35

WordPress 5.3 introduces a considerably simpler way to achieve this. By registering theme support for HTML 5 for script and style, the type="" attribute will be omitted: add_action( 'after_setup_theme', function() { add_theme_support( 'html5', [ 'script', 'style' ] ); } );


21

There's some confusion here, because not all of these are validation, there are 2 others that are necessary to understand what's appropriate: validation sanitisation escaping Sanitisation Sanitisation makes things clean and well formed This cleans up the data, e.g. trimming trailing spaces, removing letters in a number field, making an all lowercase ...


17

You can remove the type='*' attributes and values from wp_enqueue'ed scripts and styles, using respective *_loader_tag hooks. The following worked for me: add_action( 'wp_enqueue_scripts', 'myplugin_enqueue' ); function myplugin_enqueue() { // wp_register_script(... // wp_enqueue_script(... } add_filter('style_loader_tag', '...


14

Answering my own question: As suggested by WebElaine I created a completely new block to fix the problem. To make this task easier, I used create-guten-block by Ahmad Awais, which is pretty easy to set up. In init.php I made sure to enqueue my JavaScript and extra CSS for the frontend. This should be straight forward. I recommend reading the Learning ...


12

Use the native php function Filter Validator if (filter_var($url, FILTER_VALIDATE_URL) === FALSE) { die('Not a valid URL'); }


8

is_email() will take the provided string( a email address) and run checks on it to ensure that it is indeed an email address and that the string has no illegal characters in it. It would simply not change anything in the string you provided but return either true if the string passes all the function checks or false if it doesn't. The sanitize_email() will ...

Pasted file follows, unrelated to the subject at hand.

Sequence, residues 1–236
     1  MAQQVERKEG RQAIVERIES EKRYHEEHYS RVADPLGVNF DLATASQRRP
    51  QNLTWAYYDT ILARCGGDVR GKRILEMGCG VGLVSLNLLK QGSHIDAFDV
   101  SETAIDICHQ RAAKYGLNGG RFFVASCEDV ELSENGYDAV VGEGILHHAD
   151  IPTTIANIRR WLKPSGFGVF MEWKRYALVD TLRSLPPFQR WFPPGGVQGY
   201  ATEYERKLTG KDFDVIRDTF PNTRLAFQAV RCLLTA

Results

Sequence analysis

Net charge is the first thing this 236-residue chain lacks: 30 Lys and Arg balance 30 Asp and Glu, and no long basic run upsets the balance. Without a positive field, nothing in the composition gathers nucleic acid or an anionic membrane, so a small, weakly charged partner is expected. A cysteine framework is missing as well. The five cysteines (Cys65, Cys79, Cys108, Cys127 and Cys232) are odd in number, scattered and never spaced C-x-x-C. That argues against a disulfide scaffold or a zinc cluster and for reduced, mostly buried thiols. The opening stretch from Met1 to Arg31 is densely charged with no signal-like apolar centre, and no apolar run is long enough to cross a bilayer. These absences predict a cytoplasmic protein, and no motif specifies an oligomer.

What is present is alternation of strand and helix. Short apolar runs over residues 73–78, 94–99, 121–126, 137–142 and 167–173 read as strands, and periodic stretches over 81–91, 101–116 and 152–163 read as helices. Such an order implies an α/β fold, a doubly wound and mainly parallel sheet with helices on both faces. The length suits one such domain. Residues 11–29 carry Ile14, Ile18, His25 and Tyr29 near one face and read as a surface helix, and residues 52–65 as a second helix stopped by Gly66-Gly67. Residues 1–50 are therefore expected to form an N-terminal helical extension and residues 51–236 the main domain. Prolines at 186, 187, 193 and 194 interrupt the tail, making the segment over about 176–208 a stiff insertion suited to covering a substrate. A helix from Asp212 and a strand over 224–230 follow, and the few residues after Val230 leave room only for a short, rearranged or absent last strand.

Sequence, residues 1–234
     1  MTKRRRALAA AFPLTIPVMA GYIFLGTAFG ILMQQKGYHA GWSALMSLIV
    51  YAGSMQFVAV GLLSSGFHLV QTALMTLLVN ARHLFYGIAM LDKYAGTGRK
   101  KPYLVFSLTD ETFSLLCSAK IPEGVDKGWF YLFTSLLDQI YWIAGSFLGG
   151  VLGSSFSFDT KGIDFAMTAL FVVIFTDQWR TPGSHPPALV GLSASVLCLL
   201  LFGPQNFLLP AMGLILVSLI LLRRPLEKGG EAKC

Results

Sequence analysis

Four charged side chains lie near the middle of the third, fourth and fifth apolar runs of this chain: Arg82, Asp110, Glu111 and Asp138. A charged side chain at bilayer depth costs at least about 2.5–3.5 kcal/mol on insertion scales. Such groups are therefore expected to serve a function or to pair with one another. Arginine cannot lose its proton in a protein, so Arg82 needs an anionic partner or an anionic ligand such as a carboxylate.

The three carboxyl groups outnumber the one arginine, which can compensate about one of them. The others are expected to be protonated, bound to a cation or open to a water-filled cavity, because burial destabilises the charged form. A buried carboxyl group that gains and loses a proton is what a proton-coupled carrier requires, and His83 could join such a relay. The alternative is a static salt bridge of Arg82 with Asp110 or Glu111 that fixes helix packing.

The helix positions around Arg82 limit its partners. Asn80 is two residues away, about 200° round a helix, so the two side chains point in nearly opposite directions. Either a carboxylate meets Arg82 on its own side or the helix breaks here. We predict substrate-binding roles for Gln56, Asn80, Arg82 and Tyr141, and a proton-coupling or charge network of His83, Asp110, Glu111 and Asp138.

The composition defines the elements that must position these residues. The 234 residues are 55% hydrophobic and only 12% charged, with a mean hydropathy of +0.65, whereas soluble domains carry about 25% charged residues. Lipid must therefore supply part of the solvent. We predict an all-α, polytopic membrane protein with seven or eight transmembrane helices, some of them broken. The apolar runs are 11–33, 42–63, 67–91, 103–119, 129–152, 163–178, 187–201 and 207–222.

7

You need to pass the action to check your nonce against, wp_verify_nonce has two parameters. if($_POST && wp_verify_nonce($_REQUEST['test_slider_options_nonce'],'test_slider_action')) echo "TEST";


6

I know this is an old post, but for anyone visiting it's also worth considering the WP functions esc_url() and esc_url_raw(), the latter being safe for databases entries etc, as it does not encode entities. esc_url() does encode entities and so is good for display to users. In the source you can see that esc_url() checks for a whitelist of allowed ...


6

Approach 1, disable save button What you can do, is to prevent the user from saving the form if the required fields are not filled. This can be simply done via javascript. function require_fields_script(){ echo " <script type='text/javascript'> (function($){ $('#submit').on('click',function(e){ ...


6

There is no such maxLength option in the WP REST API. You can pass a validate_callback though. Example: <?php add_action( 'rest_api_init', function () { register_rest_route( 'myplugin/v1', '/author/(?P<id>\d+)', array( 'methods' => 'GET', 'callback' => 'my_awesome_func', 'args' => array( 'id' => ...


6

WordPress doesn't add the frameborder attribute. YouTube does. It's part of their embed code. If you absolutely must remove it you can use the embed_oembed_html filter to modify the returned HTML: function wpse_308247_remove_frameborder( $html, $url ) { // If the URL to be embedded is from YouTube. if ( strpos( $url, 'youtube.com' ) !== false ) { ...